I want to lunge in front of any challenge or hurt coming my kids’ way.
Protect them. Find a way to stop any hurt. But I’m learning to restrain myself. I’ve seen the fruit that comes from working through challenges and hurdles. That there is sometimes a greater purpose there than I can see.
Last week, I heard a speaker, Micah Corder, say, “If your goal is to keep your kids from sadness and broken hearts, you will fail. Experiencing that is inevitable. But if your goal is that your loved ones experience the glory of God, you are giving a gift that your kids will enjoy forever.”
Micah relayed the story of Lazarus dying and how his family wept for him. When Lazarus’ sister Martha ran out to see Jesus, she was frustrated that Jesus did not make it in time to heal her brother, but she also admitted,
“I know that even now God will give you whatever you ask.” (JN 11:22)
Jesus could have taken away the pain by healing Lazarus before he died. Why did he wait? Jesus’ main concern seemed to be for God to be glorified and for faith in Him when he asked, “Did I not tell you that if you believe, you will see the glory of God?” While Lazarus’ family and friends experienced pain, Jesus had a greater purpose in mind.
One of the most difficult moments for me is to see my children hurt. I want to intercept any pain or difficulty. But, I know that this place isn’t perfect. At some point in their lives pain will happen. If we can help them navigate through it, as well as call out to the Lord and be with them in it, God indeed will be glorified.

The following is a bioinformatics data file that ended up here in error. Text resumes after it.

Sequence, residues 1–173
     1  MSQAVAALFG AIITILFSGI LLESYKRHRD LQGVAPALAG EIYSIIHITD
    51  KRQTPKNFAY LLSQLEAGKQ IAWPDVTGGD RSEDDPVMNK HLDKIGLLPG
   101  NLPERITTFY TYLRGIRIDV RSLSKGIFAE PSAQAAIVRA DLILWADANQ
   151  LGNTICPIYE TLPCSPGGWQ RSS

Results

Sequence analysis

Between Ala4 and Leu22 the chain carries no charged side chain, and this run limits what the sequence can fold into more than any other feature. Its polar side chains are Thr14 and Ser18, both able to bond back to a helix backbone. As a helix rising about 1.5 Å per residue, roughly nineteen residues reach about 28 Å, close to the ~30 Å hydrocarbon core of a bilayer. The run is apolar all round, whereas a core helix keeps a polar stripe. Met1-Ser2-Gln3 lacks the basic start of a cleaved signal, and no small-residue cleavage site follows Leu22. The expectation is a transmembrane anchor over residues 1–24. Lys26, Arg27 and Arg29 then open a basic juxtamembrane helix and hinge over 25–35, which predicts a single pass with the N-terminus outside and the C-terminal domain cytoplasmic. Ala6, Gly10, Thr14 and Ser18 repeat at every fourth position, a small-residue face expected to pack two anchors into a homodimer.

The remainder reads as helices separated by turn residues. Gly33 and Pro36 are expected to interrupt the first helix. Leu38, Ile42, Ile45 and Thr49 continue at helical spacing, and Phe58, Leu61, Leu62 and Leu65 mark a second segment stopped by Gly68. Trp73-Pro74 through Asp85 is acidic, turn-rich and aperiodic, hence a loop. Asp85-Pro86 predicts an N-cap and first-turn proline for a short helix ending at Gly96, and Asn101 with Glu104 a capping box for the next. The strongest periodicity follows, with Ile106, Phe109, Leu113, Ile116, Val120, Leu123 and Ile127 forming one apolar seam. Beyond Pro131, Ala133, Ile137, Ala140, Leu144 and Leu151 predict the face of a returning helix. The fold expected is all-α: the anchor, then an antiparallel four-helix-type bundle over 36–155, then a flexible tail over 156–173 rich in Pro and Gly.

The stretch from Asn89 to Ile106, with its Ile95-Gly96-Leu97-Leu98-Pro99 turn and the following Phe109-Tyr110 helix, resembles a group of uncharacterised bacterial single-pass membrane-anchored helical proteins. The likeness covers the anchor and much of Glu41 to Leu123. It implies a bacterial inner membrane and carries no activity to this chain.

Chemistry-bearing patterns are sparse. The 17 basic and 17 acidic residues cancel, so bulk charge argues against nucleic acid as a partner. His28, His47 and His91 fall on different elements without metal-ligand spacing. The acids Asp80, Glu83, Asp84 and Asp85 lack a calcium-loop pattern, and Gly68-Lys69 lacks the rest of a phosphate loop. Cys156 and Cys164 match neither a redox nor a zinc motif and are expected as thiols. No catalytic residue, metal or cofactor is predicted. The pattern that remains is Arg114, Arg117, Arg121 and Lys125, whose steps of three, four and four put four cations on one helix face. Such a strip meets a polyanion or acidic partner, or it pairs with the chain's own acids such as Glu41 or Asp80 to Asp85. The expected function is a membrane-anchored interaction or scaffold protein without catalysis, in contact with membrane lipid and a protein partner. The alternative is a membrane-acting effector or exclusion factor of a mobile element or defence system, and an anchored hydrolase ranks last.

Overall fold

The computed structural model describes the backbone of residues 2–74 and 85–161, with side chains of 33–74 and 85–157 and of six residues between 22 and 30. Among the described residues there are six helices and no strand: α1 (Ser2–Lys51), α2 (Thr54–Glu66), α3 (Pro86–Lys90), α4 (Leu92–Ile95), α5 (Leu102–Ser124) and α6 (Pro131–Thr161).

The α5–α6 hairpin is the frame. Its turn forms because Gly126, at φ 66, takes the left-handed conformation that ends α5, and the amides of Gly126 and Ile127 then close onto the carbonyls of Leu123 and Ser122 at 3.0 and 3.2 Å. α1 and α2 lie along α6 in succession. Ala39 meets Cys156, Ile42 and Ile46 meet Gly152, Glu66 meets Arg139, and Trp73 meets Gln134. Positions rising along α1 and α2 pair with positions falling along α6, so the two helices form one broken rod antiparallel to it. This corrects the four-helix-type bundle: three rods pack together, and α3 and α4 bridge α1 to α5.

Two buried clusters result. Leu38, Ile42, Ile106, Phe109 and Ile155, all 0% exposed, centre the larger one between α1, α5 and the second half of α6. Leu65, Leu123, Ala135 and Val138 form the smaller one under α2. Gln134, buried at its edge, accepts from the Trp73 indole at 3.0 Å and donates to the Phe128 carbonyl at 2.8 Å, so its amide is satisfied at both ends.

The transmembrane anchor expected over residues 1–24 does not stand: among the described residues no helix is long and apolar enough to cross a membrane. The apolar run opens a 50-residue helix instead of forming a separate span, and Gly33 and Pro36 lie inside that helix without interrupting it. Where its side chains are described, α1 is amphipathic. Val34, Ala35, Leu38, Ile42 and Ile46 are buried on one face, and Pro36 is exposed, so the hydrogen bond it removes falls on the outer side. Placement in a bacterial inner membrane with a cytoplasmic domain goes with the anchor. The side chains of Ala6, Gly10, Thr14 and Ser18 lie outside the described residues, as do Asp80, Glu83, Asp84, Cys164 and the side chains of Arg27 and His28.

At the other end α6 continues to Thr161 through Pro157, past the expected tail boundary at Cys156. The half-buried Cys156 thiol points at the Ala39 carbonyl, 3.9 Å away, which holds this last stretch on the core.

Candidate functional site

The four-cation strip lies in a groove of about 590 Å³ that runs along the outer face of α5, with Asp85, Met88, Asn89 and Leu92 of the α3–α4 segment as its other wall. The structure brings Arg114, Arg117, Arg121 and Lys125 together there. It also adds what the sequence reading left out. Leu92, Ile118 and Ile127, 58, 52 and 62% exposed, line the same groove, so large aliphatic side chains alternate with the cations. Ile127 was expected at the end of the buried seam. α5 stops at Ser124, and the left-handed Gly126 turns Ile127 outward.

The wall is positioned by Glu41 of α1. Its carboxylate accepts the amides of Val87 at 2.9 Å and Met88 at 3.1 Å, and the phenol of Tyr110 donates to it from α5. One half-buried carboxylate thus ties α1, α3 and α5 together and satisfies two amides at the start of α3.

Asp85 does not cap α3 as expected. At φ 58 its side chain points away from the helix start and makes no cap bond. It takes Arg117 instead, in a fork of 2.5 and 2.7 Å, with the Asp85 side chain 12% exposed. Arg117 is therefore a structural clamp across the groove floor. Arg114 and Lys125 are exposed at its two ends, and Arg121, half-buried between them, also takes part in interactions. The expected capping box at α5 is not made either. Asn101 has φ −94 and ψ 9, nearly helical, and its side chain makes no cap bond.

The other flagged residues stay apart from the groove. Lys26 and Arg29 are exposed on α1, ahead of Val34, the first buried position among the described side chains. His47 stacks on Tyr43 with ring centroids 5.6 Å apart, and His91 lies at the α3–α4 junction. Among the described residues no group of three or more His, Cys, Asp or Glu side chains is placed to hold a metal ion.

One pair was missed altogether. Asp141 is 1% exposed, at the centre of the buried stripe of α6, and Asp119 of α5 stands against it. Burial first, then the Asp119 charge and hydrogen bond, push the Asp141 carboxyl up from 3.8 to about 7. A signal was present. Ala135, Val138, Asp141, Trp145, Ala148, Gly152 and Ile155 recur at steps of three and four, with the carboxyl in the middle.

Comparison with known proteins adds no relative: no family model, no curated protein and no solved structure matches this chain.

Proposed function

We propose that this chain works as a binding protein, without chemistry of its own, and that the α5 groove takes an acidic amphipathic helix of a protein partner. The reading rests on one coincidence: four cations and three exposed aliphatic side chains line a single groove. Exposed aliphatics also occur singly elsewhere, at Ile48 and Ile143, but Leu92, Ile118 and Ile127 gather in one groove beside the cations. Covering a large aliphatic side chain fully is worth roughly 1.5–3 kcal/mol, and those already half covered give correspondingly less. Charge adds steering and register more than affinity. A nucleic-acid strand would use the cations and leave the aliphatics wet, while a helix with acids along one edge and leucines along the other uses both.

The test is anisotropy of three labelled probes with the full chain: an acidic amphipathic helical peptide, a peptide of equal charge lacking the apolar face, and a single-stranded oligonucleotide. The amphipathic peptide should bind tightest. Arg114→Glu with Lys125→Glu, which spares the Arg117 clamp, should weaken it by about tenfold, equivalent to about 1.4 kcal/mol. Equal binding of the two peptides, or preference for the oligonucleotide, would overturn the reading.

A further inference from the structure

Is our main concern for constant contentment or for God to be glorified?
This question challenged me this year. Kindergarten was seamless. First grade was not. I struggled. I struggled deeply with how to handle the anxiety that surfaced in my daughter. Through many tears at bedtime, we talked through it. She picked out a special stuffed animal to comfort her through the season of anxiety and named her “Peace”. It reminded her that Jesus’ lasting peace is greater than all else, and at bedtime she holds Peace close. She overcame this hurdle, and it has strengthened her for the next one.
I also thought about why Jesus cried when he already knew Lazarus would be raised to life shortly. His spirit was “moved and troubled” by Lazarus’ family and friend’s pain, and he wept with them. Jesus did not solely look upward. He also looked next to him. He noticed. He cared deeply. And He cares now. He cares for you. He cares for your child. He cares so much that He wants us to taste, see, and experience the redemptive, grace-filled, and unending love of God.
And sometimes that involves experiencing pain. But, we can take hope in the fact that this pain won’t last forever because “joy comes in the morning” (Ps. 30:5). God offers us a joy not based on the now, but based on His love.
The next time our children walk through difficulty, we can lunge to extinguish it with all our might, or we can weep with them, encourage them to look upward, and look for God to be glorified – the greatest gift we can give our children.
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